|Israel-USA: Iran in the Crosshair|
The clash, shrouded in mystery like similar past incidents in the ethnic Baloch province of Sistan and Baluchistan and Kurdish areas in the West, occurred amid mounting speculation that the Trump administration, backed by Saudi Arabia and Israel, is striving for regime change in Tehran.
Iran and Jaish-al-Adl (the Army of Justice), a splinter group that traces its roots to Saudi-backed anti-Shiite groups in Iran, issued contradictory statements about the incident. Iran said three militants and two of its Revolutionary Guards were killed in the incident. Jaish-al-Adl claimed it had killed 11 Guards while suffering no losses.
US and Israeli officials insist that their anti-Iranian moves aim to increase domestic pressure on Iran to change its policies at a time that the country is witnessing multiple protests related to economic policies and water shortages rather than at regime change
US and Israeli officials, including Secretary of State Mike Pompeo and Prime Minister Benyamin Netanyahu, have resorted to social media to support the protests.
At the same time, debate within the Trump administration pits proponents of regime change like national security advisor John Bolton, backed by Mr. Netanyahu, against those that believe that domestic pressure is pushing the Iranian regime to the brink and simply needs a degree of encouragement.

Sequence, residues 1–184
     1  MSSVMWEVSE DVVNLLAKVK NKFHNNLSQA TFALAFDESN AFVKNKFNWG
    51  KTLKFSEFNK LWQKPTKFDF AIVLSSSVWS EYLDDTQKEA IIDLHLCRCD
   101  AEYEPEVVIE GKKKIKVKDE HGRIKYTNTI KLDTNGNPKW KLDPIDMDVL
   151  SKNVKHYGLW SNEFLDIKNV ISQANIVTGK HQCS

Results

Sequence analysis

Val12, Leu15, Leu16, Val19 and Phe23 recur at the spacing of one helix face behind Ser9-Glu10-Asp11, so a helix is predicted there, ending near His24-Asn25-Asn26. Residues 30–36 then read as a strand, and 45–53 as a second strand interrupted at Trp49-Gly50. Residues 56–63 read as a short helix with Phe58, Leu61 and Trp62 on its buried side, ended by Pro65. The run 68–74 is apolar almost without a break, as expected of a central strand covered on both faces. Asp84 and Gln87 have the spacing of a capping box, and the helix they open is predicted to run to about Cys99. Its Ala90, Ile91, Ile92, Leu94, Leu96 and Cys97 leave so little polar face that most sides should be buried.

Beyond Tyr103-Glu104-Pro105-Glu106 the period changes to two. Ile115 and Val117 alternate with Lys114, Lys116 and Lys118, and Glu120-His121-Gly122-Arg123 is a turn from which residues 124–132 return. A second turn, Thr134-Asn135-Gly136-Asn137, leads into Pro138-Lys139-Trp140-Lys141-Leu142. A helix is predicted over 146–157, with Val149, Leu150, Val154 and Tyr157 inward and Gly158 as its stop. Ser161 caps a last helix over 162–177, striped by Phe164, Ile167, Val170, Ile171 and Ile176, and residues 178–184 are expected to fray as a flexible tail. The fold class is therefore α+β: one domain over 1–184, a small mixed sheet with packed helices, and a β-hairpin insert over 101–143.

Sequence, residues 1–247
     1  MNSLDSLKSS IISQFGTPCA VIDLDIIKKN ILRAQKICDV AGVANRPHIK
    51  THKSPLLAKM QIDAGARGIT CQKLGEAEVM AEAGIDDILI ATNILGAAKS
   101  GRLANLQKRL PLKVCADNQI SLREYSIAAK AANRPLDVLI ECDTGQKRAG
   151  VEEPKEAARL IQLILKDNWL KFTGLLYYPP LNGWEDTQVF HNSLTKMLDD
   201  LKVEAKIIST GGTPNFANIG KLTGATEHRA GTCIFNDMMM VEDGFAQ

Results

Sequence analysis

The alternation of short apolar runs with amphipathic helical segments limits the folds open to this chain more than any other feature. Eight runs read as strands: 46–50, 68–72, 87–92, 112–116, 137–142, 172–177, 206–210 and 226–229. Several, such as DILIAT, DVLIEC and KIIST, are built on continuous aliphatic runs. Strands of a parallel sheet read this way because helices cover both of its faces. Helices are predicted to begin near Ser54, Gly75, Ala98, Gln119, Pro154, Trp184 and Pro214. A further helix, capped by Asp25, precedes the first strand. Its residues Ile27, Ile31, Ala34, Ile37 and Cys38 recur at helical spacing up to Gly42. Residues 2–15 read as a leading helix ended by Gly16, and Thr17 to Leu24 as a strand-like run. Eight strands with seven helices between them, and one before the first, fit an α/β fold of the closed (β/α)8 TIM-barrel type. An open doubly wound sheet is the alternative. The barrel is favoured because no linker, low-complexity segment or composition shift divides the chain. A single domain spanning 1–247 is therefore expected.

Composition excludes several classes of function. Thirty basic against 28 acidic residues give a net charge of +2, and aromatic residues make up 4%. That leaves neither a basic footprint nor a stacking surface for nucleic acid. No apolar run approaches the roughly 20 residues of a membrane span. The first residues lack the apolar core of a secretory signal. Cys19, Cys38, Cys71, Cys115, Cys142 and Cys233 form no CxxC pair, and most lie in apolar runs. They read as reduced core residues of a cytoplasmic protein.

In a series of tweets, Mr. Pompeo supported Iranian protesters and charged that “Iran’s corrupt regime is wasting the country’s resources on Assad, Hezbollah, Hamas & Houthis, while Iranians struggle.”
Mr. Pompeo’s comments were echoed in one of several video clips by Mr. Netanyahu, celebrating the brilliance of Iranians and their achievements in technology. “So why is Iran so poor? Why is unemployment so rampant? The answer is in two words: the regime. Iran’s dictators plunder the country’s wealth… The Iranian people are the ones that suffer,” Mr. Netanyahu said.
The messages appeared to be the result of a joint US-Israeli working plan drafted late last year to counter Iran with covert as well as diplomatic actions.
A participant before joining the Trump administration, Mr. Bolton this year stayed away from an annual gathering in Paris of the Mujahedeen-e-Khalq, a controversial Iranian opposition group that since being dropped from US, Canadian and European terrorism lists has garnered significant support in Western political, military and security circles.
There is widespread doubt that the Mujahedeen, that advocates the armed overthrow of the Iranian regime, commands popular support in Iran
That did not stop President Trump’s personal lawyer, Rudolph Giuliani, and former House of Representatives speaker and Trump ally, Newt Gingrich from attending alongside former US officials, former Canadian Prime Minister Stephen Harper and European politicians. The US State Department said the Americans were not representing the administration.
Read more: The battle for Iran: Policy or regime change?